Scrutiny Builds at Radio Station That Prank Called London Hospital

The two radio hosts of the Australian 2Day FM are receiving counselling. They have not been seen in public since the announcement of nurse Jacintha Saldanha's death on Friday.

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A bunch of flowers is left outside the nurses accommodation block by colleagues near the King Edward VII hospital in central London on December 8, 2012 in memory of nurse Jacintha Saldanha who was found dead the previous day.

The Australian radio station that prank called a London hospital where Kate Middleton was staying last week is reviewing its practices after the apparent suicide of a nurse who put through the call, reports BBC News. 

On Friday morning Jacintha Saldanha was found unconscious near the hospital where the Duchess of Cambridge was recently treated for acute morning sickness. Saldanha died soon after. The mother of two had transferred to Middleton’s private ward a call from two Australian DJs pretending to be members of the royal family.

Neither presenter has gone on air or appeared in public since Saldanha’s death on Dec. 7. One of the hosts, Michael Christian, is believed to be in a Sydney hotel. Co-host Mel Greig’s whereabouts are unknown, writes the Telegraph. According to BBC News, they are receiving psychological counseling.

Max Moore-Wilton, chairman of Southern Cross Austereo, the company that owns the radio station, said Saturday night that his organization is taking “immediate action” to review its broadcast procedures in the wake of the incident.

His statement came in response to a Saturday letter from the chairman of the hospital, Simon Arthur, who wrote to Moore-Wilton:

I am writing to protest in the strongest possible terms about the hoax call made from your radio station, 2Day FM, to this hospital last Tuesday. King Edward’s VII’s Hospital cares for sick people, and it was extremely foolish of your presenters even to consider trying to lie their way through to one of our patients, let alone actually make the call… I appreciate that you cannot undo the damage which has been done but I would urge you to take steps to ensure that such an incident could never be repeated.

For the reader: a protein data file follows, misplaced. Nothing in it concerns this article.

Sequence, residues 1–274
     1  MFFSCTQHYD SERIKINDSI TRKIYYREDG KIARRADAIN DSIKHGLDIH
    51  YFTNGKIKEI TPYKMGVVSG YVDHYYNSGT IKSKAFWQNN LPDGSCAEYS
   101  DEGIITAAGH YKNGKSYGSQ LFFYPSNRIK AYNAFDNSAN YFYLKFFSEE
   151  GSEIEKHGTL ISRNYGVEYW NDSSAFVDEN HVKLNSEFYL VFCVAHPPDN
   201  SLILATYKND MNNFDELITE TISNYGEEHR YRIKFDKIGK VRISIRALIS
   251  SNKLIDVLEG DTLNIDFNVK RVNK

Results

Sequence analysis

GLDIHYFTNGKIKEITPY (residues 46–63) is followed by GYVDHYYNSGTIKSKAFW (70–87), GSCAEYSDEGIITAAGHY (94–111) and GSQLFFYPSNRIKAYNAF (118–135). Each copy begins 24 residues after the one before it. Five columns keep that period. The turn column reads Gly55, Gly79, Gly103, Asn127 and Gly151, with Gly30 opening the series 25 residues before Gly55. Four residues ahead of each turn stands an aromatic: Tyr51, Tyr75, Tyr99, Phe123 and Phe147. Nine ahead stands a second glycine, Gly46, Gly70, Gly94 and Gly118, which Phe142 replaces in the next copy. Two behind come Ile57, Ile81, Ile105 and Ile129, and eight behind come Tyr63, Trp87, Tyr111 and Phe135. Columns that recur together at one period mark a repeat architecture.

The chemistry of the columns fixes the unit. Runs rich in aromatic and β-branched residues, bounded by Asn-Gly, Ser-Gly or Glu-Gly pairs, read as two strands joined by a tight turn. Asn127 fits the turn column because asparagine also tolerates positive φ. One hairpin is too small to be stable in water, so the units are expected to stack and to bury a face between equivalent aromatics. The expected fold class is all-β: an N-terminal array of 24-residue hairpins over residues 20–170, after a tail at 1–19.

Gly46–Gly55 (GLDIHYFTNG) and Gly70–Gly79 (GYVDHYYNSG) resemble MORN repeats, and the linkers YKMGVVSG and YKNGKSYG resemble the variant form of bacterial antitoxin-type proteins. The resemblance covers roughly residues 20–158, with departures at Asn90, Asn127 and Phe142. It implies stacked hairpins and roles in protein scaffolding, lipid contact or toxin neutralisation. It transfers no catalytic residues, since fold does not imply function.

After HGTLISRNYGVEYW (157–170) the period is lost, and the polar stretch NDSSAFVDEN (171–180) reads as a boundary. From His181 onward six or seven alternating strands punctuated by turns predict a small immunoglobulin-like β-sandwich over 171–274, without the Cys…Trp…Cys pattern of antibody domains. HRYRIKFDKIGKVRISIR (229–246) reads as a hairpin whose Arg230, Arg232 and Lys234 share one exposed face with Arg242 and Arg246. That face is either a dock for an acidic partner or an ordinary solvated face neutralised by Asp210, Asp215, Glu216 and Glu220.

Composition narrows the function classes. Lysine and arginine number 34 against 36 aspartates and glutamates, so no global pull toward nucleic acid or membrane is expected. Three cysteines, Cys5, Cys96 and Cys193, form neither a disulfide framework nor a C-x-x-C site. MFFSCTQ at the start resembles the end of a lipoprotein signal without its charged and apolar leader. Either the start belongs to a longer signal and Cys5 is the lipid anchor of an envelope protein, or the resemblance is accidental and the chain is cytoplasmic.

Police in New South Wales, where the radio station is located, said they had been contacted by the London Metropolitan Police but have not yet been asked to take any specific action. Nick Kaldas, Deputy Commissioner police officer in New South Wales, told the Telegraph the London Metropolitan police may wish to speak to the radio hosts but that no interviews had yet been lined up.

Sandy Kaye, a PR spokesperson for the radio station said; “We are very concerned for the well-being of our talent… Mel is very vulnerable. She has been vulnerable in the past.” A close friend of the presenter also said; “everyone who knows Mel fears for her mental state. Yes, there are very real fears that she could self-harm and nobody wants that.” The radio host’s father said from his home in South Australia; “I don’t know where she is. I am very concerned for her. I have spoke to her but I have been told not to say anymore.”

Meanwhile the board of Southern Cross is meeting Sunday to discuss the international anger the hoax has caused. They have suspended all advertising on 2Day FM until further notice. Australian Prime Minister Julia Gillard called Jacintha Saldanha’s death a “terrible tragedy,” saying “our thoughts are with her family and friends at this time,” reports the Telegraph.